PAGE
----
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Doctor Birch And His Young Friends
by [?]


There is no need to say why I became assistant-master and professor of the English and French languages, flower-painting, and the German flute, in Doctor Birch’s Academy, at Rodwell Regis. Good folks may depend on this, that it was not for CHOICE that I left lodgings near London, and a genteel society, for an under-master’s desk in that old school. I promise you the fare at the usher’s table, the getting up at five o’clock in the morning, the walking out with little boys in the fields, (who used to play me tricks, and never could be got to respect my awful and responsible character as teacher in the school,) Miss Birch’s vulgar insolence, Jack Birch’s glum condescension, and the poor old Doctor’s patronage, were not matters in themselves pleasurable: and that that patronage and those dinners were sometimes cruel hard to swallow. Never mind–my connection with the place is over now, and I hope they have got a more efficient under-master.

Jack Birch (Rev. J. Birch, of St. Neot’s Hall, Oxford,) is partner with his father the Doctor, and takes some of the classes. About his Greek I can’t say much; but I will construe him in Latin any day. A more supercilious little prig, (giving himself airs, too, about his cousin, Miss Raby, who lives with the Doctor,) a more empty, pompous little coxcomb I never saw. His white neck-cloth looked as if it choked him. He used to try and look over that starch upon me and Prince the assistant, as if he were a couple of footmen. He didn’t do much business in the school; but occupied his time in writing sanctified letters to the boys’ parents, and in composing dreary sermons to preach to them.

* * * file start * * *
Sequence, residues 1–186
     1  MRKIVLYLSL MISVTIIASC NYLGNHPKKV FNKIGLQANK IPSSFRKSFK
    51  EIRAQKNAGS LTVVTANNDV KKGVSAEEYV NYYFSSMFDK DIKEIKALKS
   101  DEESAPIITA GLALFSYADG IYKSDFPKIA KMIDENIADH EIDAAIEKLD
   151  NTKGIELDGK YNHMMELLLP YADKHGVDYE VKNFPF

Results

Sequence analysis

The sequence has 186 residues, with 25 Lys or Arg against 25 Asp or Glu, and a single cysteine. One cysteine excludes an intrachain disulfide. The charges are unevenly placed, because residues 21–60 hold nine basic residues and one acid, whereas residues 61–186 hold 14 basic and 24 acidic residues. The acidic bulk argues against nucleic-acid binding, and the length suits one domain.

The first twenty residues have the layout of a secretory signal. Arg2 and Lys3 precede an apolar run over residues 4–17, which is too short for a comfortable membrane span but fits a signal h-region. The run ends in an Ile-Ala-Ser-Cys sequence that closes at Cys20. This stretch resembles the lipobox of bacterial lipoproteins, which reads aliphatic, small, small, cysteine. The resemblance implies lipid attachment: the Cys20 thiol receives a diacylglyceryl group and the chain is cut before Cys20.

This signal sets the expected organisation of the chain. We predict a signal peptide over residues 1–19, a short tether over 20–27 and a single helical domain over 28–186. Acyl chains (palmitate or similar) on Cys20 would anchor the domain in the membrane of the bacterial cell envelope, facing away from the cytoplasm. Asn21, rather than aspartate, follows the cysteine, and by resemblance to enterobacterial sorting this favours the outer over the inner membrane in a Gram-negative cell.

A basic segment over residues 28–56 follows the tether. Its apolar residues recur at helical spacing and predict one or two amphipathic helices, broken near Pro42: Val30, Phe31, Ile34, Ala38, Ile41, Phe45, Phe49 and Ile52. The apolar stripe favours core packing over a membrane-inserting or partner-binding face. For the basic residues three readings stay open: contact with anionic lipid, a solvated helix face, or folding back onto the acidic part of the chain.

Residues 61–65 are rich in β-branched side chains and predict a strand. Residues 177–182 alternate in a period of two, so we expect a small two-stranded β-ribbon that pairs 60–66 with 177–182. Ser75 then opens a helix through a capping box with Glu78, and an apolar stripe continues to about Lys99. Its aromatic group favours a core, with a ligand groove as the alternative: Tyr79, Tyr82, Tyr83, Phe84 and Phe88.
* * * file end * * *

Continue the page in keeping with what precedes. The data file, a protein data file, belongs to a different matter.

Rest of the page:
The real master of the school is Prince; an Oxford man too: shy, haughty, and learned; crammed with Greek and a quantity of useless learning; uncommonly kind to the small boys; pitiless with the fools and the braggarts; respected of all for his honesty, his learning, his bravery, (for he hit out once in a boat-row in a way which astonished the boys and the bargemen,) and for a latent power about him, which all saw and confessed somehow. Jack Birch could never look him in the face. Old Miss Z. dared not put off any of HER airs upon him. Miss Rosa made him the lowest of curtsies. Miss Raby said she was afraid of him. Good old Prince! we have sat many a night smoking in the Doctor’s harness-room, whither we retired when our boys were gone to bed, and our cares and canes put by.

After Jack Birch had taken his degree at Oxford–a process which he effected with great difficulty–this place, which used to be called “Birch’s,” “Dr. Birch’s Academy,” and what not, became suddenly “Archbishop Wigsby’s College of Rodwell Regis.” They took down the old blue board with the gold letters, which has been used to mend the pigsty since. Birch had a large school-room run up in the Gothic taste, with statuettes, and a little belfry, and a bust of Archbishop Wigsby in the middle of the school. He put the six senior boys into caps and gowns, which had rather a good effect as the lads sauntered down the street of the town, but which certainly provoked the contempt and hostility of the bargemen; and so great was his rage for academic costumes and ordinances, that he would have put me myself into a lay gown, with red knots and fringes, but that I flatly resisted, and said that a writing-master had no business with such paraphernalia.

By the way, I have forgotten to mention the Doctor himself. And what shall I say of him? Well, he has a very crisp gown and bands, a solemn aspect, a tremendous loud voice, and a grand air with the boys’ parents; whom he receives in a study covered round with the best-bound books, which imposes upon many–upon the women especially–and makes them fancy that this is a Doctor indeed. But law bless you! He never reads the books, or opens one of them; except that in which he keeps his bands–a Dugdale’s “Monasticon,” which looks like a book, but is in reality a cupboard, where he has his port, almond-cakes, and decanter of wine. He gets up his classics with translations, or what the boys call cribs; they pass wicked tricks upon him when he hears the forms. The elder wags go to his study and ask him to help them in hard bits of Herodotus or Thucydides: he says he will look over the passage, and flies for refuge to Mr. Prince, or to the crib.